While you schmucks are deep-throating crappy Tamil trash like Jilla and reveling in stolen Bollywood bilge like Highway, here I’m watching The Past (French, 2013) from acclaimed Iranian director Asghar Farhadi.
You know why I picked up The Past from the RedBox kiosk a short while ago?
Because I loved Asghar Farhadi’s Oscar winner A Separation. A gem of a movie!
Farhadi wrote and directed The Past!
I have started watching The Past and will update this review once I finish the movie ($1.22 at RedBox and available at Netflix on monthly subscription in the U.S.).
In the meantime you can feast your eyes on the trailer of The Past.
The Past – Divine
Iranian director Asghar Farhadi’s latest work Le Passé (English: The Past) is a riveting film with highly realistic performances by the three lead characters.
Like Farhadi’s previous film (the Oscar winning A Separation), The Past too is an intense family drama.
The present serves as the stage for the brilliant Farhadi to build a dramatic scaffolding on the unshakeable foundation of past conflicts and relationships.
All the key events that serve as foundation for the Past – breakdown of the two marriages, the suicide, and the affair – are firmly rooted in the past and are never shown, not even in flashback. Merely discussed to support the ‘present’ narrative.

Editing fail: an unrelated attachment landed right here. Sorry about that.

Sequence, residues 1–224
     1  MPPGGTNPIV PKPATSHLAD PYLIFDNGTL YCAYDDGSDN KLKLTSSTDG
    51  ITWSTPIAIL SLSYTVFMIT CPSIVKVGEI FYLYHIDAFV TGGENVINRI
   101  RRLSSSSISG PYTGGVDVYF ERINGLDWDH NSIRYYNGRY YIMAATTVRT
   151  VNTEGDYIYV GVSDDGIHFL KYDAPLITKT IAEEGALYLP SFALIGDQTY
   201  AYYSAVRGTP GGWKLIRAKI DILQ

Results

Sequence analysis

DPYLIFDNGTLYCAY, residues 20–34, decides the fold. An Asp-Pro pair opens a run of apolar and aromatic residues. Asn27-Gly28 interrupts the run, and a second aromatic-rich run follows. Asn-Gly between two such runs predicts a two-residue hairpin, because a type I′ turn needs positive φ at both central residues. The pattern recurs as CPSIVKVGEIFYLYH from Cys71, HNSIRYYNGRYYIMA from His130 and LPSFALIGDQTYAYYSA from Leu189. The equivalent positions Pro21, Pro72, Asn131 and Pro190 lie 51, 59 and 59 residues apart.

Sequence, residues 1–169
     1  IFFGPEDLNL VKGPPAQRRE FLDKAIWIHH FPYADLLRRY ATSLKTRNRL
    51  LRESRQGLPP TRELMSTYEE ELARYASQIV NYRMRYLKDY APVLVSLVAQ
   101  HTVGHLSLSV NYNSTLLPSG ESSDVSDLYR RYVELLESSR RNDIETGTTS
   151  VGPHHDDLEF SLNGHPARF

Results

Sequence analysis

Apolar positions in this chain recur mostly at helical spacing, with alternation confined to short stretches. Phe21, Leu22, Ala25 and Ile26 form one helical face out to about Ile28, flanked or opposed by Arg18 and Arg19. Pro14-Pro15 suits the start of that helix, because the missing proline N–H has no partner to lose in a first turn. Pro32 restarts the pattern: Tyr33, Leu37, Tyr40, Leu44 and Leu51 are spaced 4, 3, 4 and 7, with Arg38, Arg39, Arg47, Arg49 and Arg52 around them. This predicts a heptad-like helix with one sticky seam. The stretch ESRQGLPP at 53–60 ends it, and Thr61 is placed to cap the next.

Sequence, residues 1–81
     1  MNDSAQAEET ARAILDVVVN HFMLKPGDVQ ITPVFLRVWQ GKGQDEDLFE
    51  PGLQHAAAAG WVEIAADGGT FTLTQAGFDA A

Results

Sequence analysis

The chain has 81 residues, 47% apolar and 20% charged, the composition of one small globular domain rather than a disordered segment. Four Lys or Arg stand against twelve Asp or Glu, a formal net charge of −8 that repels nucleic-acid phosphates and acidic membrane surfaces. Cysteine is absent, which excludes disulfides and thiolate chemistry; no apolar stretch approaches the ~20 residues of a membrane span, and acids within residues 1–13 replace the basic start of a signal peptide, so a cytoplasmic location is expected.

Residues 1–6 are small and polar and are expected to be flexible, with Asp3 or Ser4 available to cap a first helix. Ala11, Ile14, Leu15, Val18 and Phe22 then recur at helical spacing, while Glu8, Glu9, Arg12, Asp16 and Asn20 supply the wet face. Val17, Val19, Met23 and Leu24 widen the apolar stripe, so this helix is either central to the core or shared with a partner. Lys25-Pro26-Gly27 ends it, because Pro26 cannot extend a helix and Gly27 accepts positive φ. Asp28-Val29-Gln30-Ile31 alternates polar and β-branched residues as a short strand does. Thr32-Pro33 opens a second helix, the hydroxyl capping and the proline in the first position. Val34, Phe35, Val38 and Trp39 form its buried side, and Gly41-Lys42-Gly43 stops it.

When Ahmad (Ali Mosaffa) returns to France to finalize his divorce with Marie Brisson (Bérénice Bejo of The Artist fame), the stage is set for tensions to rise to the surface within the family.
Marie, meanwhile, is in a relationship with a younger man, Samir (Tahar Rahim).
Marie has two daughters Lucie and Lea from a different relationship while Samir has a young boy Fouad from his marriage to Céline.
It’s the tension between the three main characters, Marie, Ahmad and Samir, and between parents and the children that is the life of this splendid film.
In the confrontations between the key characters, The Past reminded me of Roman Polanski’s Carnage (where the tension between the four characters is of a much higher order).
Much of the film is shot indoors and the closeup photography and nice camera angles add to the charm of the film.
Like with A Separation, in the Past too director Farhadi leaves the ending opaque.
The Past has won several accolades including a nomination for Palme d’Or at the Cannes Film Festival (where it lost out to Blue Is the Warmest Colour). But Bérénice Bejo walked off with the Best Actress Award at the same festival for her performance in The Past.
SearchIndia.com enthusiastically recommends The Past. This remarkable movie is available at RedBox and Netflix.